“Dissidents anywhere have an interesting time, particularly on boards of directors.”
Walter Cronkhite, A Reporter’s Life, p 371.
Every board needs one member who is contrary, challenging and skeptical. And every board struggles with how to harmonize that board member’s behavior with the rest of the board. Ouch.
Why does the board need this grumpy board member?
There is a story reported in Newsweek about a small plane whose image appeared on the military radar screens in Moscow in the 1980s. The military technicians had a hard time identifying what this green blip on the screen really was in the air. Was it a group of birds? No, the birds would be migrating north at this time, not south as they blip on the screen traveled. Could it be hail? No, no clouds in the vicinity. Then, everyone in the group agreed that it would be birds, even though nobody believed it.
Boards are susceptible to group think. Everyone on the board wants to get along with each other (witness the low number of split votes on any issue), they often have pre-existing social relationships with each other and they generally don’t want a lot of conflict in their volunteer work.
A contrary, challenging, skeptical board member can help avoid group-think decisions. This board member asks uncomfortable questions. He raises red flags. He slows down runaway processes. He looks at things perhaps as a banker would: would he lend money on this idea? This grumpy board member, by virtue of his world view and neurological wiring, isn’t going to let anything slip by.
It may not be that this board member wishes to be combative. His brain just works a little differently from his colleagues’. Some people sort information by similarity. Look at this set of dots below.
You might see six red dots. You sort things by how they are similar. Your grumpy board member sees one black dot. He sorts things by how they are different.
In a board meeting, as the members are circling around an imminent decision, the grumpy board member is likely looking at what’s different and not lining up, not how the decision is coming together. He’s asking questions that begin with the word “but…” He’s a pain in the neck in getting decisions nailed down. He can’t help it. He’s wired that way.
And that wiring is important to having the board avoid group-think mistakes. No decisions will sail through unassaulted. They’ll all go through the gauntlet. Good.
Another form of grumpy board member behavior is advancing nasty question, “But how will it work?” This board member may sort information more toward the fine-detail end of the spectrum, away from the big-picture side.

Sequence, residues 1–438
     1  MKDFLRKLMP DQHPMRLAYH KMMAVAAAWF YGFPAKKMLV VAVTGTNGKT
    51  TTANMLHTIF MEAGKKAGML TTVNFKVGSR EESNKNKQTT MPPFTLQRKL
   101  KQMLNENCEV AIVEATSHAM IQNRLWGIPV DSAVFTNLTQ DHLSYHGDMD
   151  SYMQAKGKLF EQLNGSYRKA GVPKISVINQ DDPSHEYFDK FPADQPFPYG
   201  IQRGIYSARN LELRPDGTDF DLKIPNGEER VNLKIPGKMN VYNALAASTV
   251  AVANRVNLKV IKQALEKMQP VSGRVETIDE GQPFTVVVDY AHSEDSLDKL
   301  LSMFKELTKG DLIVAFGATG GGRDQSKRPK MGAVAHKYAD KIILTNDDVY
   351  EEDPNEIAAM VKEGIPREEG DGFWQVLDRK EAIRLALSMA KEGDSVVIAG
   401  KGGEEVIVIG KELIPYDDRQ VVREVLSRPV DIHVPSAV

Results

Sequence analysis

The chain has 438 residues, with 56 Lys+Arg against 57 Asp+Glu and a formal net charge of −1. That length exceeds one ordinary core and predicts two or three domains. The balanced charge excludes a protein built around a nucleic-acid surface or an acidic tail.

The big picture people are already launched toward their next agenda item, having painted with a broad brush a compelling vision of how great the future will be when the decision at hand has been implemented. They are driving down the road looking at the mountains in the distance, and the wonderful puffy cumulus clouds above them. The big-picture people are gazing at the clouds but missing the potholes.
The detail-oriented board member wants to know, yes, grand vision, but also how exactly will it work and what exactly do we do tomorrow to move this decision forward? The big picture board members say, “That’s just a detail.” The detail-oriented board member replies, “Exactly.” This detail-oriented board member’s question deserves an answer. If the board can’t spec out the details, maybe it doesn’t understand the decision. It’s not looking out for the potholes. The detail-oriented board member will help the board look down from the clouds toward the road bed.
A third grumpy board member behavior is about avoiding trouble. Most board members are more motivated to take action by moving toward desirable things that the organization does not yet have, rather than by moving away from things that the organization doesn’t want. This is opposite from the make up of the general population. At least in North America, 85% of us are more moved to action by getting away from what we don’t want. Hence all the negative campaigning that political candidates engage in—they work with most of the people.
Many board members are exceptional people in that they are in the 15% of move-toward people. They are more prone to Polly Anna optimism, seeing the bright side and overemphasizing the positive facet of the issue. They can make errors of grandiosity and avoid sufficient diligence.
The move-away board member helps prevent pies-in-the-sky by bringing up potential snags, hiccups, bear-traps, tangles, snares and pitfalls. This board member’s questions also often start with the word “but.” “But where will we get the money? We don’t have the available capacity. This will get us cross-wise to the county commissioners.” And a host of other issues.
The board needs to listen, consider the issue or question sincerely and to make sure that the concern is covered.
The grumpy board member is odd in the organization, lonely on the board, and utterly indispensable. The rest of the board views with member as a pain.
The real pain is to not have someone on the board filling the role of contrarian, argumentarian, detail-monger, black-hat, stone-hearted banker.
Most of us are trying to get along on the board, smooth out relations, looking at the big picture, moving toward what would make the world a better place. We can miss the trouble spots, problems and details.
The lone grumpy board member is a vital asset to the board. Listen to him. Take him sincerely. Make better decisions (but make them) with his questions in mind. And don’t forget to tell him that he’s important, even when overruled or outvoted.
And if you don’t have one such board member, go get one.